Now that he has returned to London, Prof Abu-Sittah has agreed to work with Scotland Yard to provide witness evidence of the “genocidal” war crimes that he claims Israel have committed.

He said that Israeli forces have used white phosphorus munitions, which is prohibited in warfare under international law, as he recognised the characteristic burns created by the weapon from when he treated victims in the 2009 Israel-Gaza war.

“This [war] is the difference between a flood and a tsunami. This was a tsunami and the other wars were just floods,” he told the Telegraph on Monday.

“There is no doubt in my mind that the end goal is to ethnically cleanse Gaza … The UK government has to insist medical staff be allowed into Gaza, it has to ensure a proper investigation of potential war crimes is done.”

Before the press conference began, journalists were shown a two-minute video, compiled of photos and video footage that Prof Abu-Sittah collected during his time in Gaza, that were deemed too graphic to share with the public.

The footage showed the aftermath of an attack on the Al-Ahli hospital. In the clip, the air is thick with smoke, the eerie red tint of an ambulance siren the only source of light. 

It cuts to inside the hospital’s clinical white corridors, filled with children and adults screaming and crying hysterically.

Prof Abu-Sittah has agreed to work with Scotland Yard to provide witness evidence of war crimes he claims Israel have committed Credit: Simon Townsley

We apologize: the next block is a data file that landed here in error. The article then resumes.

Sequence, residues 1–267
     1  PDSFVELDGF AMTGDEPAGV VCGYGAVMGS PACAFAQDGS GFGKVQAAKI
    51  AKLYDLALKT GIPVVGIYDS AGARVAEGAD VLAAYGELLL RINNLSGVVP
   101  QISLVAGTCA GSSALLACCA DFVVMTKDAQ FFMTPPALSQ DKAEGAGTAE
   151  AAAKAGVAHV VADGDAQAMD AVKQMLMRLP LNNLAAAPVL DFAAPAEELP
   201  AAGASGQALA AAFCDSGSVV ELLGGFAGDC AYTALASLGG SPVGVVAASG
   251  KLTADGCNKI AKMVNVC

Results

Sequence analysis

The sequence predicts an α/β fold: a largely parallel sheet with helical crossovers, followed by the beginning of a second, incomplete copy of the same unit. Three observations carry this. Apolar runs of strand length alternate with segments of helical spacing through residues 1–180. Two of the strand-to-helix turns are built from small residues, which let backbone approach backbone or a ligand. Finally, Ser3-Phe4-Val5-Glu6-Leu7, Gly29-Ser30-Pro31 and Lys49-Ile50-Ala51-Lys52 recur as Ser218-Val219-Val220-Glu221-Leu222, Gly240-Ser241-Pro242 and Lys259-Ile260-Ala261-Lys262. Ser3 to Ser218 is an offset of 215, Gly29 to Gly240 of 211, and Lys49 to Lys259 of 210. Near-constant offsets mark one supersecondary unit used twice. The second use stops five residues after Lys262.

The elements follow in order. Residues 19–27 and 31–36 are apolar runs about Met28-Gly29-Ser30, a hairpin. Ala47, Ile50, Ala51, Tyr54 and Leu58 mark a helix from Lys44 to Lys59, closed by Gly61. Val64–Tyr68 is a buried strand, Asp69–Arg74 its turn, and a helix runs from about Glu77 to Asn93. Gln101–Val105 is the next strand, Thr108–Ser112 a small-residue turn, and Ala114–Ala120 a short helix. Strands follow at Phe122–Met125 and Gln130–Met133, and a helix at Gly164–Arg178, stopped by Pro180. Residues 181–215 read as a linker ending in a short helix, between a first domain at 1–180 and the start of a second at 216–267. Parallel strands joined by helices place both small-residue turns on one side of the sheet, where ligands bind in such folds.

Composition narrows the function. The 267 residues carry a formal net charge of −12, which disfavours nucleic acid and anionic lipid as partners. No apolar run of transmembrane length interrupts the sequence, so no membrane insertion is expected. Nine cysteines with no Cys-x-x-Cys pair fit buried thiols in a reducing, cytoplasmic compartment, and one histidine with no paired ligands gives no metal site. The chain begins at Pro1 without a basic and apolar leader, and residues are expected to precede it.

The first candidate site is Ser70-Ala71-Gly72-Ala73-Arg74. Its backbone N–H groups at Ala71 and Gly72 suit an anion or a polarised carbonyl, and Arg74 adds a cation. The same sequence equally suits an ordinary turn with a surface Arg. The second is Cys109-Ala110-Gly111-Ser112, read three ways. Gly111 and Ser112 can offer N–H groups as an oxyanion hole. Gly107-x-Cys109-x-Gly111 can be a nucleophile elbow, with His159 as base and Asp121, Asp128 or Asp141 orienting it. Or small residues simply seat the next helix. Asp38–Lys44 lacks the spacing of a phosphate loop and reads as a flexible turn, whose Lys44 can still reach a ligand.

The pictures collected by Prof Abu-Sittah meanwhile showed mutilated limbs covered with shrapnel wounds. In one, an arm can be seen with its hand blown off, flesh spilling onto the hospital bed. Another shows a small child’s lifeless body, stained black with dust.

Prof Abu-Sittah posted regular updates on the fighting that surrounded northern Gaza’s hospitals on X, formerly Twitter, saying that it was “critical” to describe the “sheer destruction and savagery” that was occurring.

He said he did not see any Hamas fighters at Al-Shifa hospital, whose grounds the Israel Defence Forces (IDF) say conceal the command centre of the terrorist organisation.

“At no stage did I see any armed police at Shifa, even the security men at Shifa, they were there just to police the number of relatives trying to get into the emergency department,” he said. 

He added that he walked around the hospital freely, travelling to the basement and storage facilities to collect medical items needed for his next surgery, and saw “nothing.”

The IDF has recovered the bodies of two Israeli hostages found close to Al-Shifa and an array of weapons, including explosives, which it claimed to have found within the hospital itself. 

It has also publicly shared footage of underground tunnels beneath the hospital which it says were used by Hamas terrorists.

On Monday, it was announced by Qatar’s foreign ministry that Israel and Hamas had agreed to extend the ceasefire by two days.

The deal will allow for the return of more Israeli hostages from Hamas captivity and the freeing of more jailed Palestinians. A statement from Hamas said that the truce had been prolonged under the same conditions as the original agreement.